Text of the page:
Excerpt: The Stones of Silence

Peter Grant is self-publishing a new trilogy. An excerpt from The Stones of Silence:

On Colomb’s bridge, her duty watch felt no tension at all as they looked at the Plot display. The cargo shuttle was almost ten minutes out, arrowing toward its rendezvous with the first satellite. They’d all shared in a handsome bonus for capturing the first three satellites, some months before. If they picked up the next three as well, plus the monitoring station that they now knew existed, they’d get the same again – something to look forward to when they got back to Callanish.

Their anticipation was rudely shattered as three traces appeared in the Plot display, the first above them, the second thirty degrees below and to starboard, and the last thirty degrees below and to port. The Plot operator froze for a disbelieving second, then almost screamed, “Vampire! Vampire! Three missiles launched from… they’re all around us!”

Almost before he’d finished speaking, Lieutenant-Commander Macaskill’s voice cut over his from the Navigation console. “They’re not aimed at us! They’re offset to one side, sir!”

Lamprey felt as if he were wading through mental molasses as he tried to cudgel his astonished brain into action. He raised his voice over the sudden hubbub of startled cries and oaths. “Silence! Silence on the bridge!” Every instinct screamed at him to cut in the drive and head for safety right away… but those missiles proved it would be futile. Every one of them had been launched from only half a million kilometers away.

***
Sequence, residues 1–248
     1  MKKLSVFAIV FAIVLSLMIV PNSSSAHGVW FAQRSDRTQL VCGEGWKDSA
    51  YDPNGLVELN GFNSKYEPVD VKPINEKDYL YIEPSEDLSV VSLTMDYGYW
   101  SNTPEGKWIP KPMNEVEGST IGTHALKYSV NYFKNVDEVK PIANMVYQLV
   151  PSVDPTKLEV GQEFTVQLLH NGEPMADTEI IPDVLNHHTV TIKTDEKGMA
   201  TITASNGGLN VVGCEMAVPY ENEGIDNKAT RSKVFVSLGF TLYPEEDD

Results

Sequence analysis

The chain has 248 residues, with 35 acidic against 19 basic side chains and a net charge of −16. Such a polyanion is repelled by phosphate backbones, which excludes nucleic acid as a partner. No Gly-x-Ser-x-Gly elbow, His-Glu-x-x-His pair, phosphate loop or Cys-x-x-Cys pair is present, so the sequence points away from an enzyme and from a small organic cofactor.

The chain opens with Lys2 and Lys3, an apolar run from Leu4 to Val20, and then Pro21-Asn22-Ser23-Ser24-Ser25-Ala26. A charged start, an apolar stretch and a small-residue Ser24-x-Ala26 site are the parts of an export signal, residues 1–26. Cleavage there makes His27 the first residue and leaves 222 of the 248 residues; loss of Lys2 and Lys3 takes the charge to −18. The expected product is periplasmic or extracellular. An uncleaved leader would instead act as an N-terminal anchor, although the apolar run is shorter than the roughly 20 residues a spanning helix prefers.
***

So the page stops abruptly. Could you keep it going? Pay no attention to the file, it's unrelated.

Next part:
They watched in frozen, dumbfounded silence as the three missiles arrowed closer, then detonated in three starburst icons in the Plot display. Their laser beam cones were aimed away from Colomb, so they did no damage, instead slashing harmlessly through the vacuum of space.

Almost as soon as the last missile had detonated, a voice crackled over the Communications speaker on the interplanetary emergency channel. It was filtered through a voice modulator, so that it came over in a flat, mechanical monotone.

“Attention! Colomb, you are surrounded by armed vessels. Any attempt to flee will result in your instant destruction. Your ship and crew are under arrest. Order your cargo shuttle to return to your ship immediately. Your crew is to enter Colomb’s lifeboats, taking nothing with them, and remain there until further orders. The Commanding Officer, plus a skeleton bridge and drive room crew, are to remain at their stations. Send your Executive Officer to meet an armed boarding party in your docking bay. They will give you further orders. In the meantime, you are not to damage your ship in any way. Leave all systems and equipment in fully operational condition. Do not erase any records, files or programs. If you do, those responsible will face the most severe consequences. Acknowledge. Over.”

There was a stunned silence in the control center as Lamprey reached for his microphone. He somehow managed to keep his voice steady, even though his body was trembling with the shock of his reaction to the missiles that had come out of nowhere.

“Colomb to unknown vessel. Who are you? Identify yourself! By what authority are you trying to arrest us? There is no System Control Service in the Mycenae system, and no laws or regulations authorizing you or anybody else to arrest anyone for anything. This is an act of piracy! Over.”